Travis Mead believes in soil conservation. More specifically, he believes a healthy soil is the key to better production. And he believes that if you compare soil health to human health, you can soon see the parallels that can lead to both improved lives and better soil.
Originally from southwest Michigan, Mead moved to Knox in Starke County, Ind., recently to become a district conservationist with the Natural Resources Conservation Service. He wanted the opportunity to work with growers and landowners and help them develop healthier soils and more sustainable farming systems.
Mead explains how he sets out to convince people that just as you’re more productive when you’re healthy, your soil will be most productive when it’s healthy. He explains his reasoning to Indiana Prairie Farmer in this exclusive interview.
You have noted that many people in Starke County still farm conventionally. Why isn’t there more no-till in the area?
Our part of Indiana is very diverse, and growers raise a diversity of crops. We have people who raise mint; others raise potatoes. There is a large amount of seed corn raised. These crops haven’t traditionally fit as well with no-till as commercial corn and soybeans.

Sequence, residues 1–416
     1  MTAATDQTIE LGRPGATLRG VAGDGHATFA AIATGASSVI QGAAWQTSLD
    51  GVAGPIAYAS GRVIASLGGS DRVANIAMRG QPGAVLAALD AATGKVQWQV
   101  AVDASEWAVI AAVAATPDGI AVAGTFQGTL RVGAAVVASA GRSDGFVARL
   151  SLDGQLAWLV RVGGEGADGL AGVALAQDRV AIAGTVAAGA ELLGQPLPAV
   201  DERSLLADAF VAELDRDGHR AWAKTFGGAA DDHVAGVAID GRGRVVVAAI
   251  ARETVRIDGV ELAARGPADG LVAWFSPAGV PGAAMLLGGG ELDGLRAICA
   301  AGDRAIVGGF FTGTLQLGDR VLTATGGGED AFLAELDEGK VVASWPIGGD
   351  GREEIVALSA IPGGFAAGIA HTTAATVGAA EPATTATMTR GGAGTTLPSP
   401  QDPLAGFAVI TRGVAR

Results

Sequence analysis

Can you build soil health without no-till in the system?
Yes, but it’s a slower process. We have some people working with cover crops. However, many of them kill them in the spring and still till before planting.
When people ask you about how to improve soil health, what do you tell them?
There are five key ways that you can begin to improve soil health, starting with cover crops to get something growing more months of the year. The second is crop rotations. By rotating crops and including things besides just corn and soybeans, you can help the soil. You also need to include integrated pest and nutrient management to build a healthy soil. No-till is an important practice that can speed up building soil health. By not disturbing the soil, you allow soil livestock to flourish. Incorporating livestock in our fields is another key to improving soil health.
How do you try to convince people that improving soil health is important?
I use the analogy of human health. If you’re not healthy, you go to the doctor. The doctor is going to ask questions about what you eat and how much exercise you get. If you want to get healthier, he or she may help you develop a plan to eat better and exercise more.
If you want to increase the health of your soils, the same principles apply. You need to find ways to exercise the biology of the soil and build soil structure. Cover crops not only help build soil structure, but along with crop rotations, increase the diversity of biology in the soil. The more of the five key practices we talked about that you can use in your farm operation, the faster you can improve soil health.
Is there a one-size-fits-all answer to improving soil health?
No. Looking at people and human health, we all have different immune systems, and our bodies function differently. Every farm is going to be different because soils and conditions are different. It’s not a one-size-fits-all solution. There is no one solution that fixes everything. You need to find what works for you.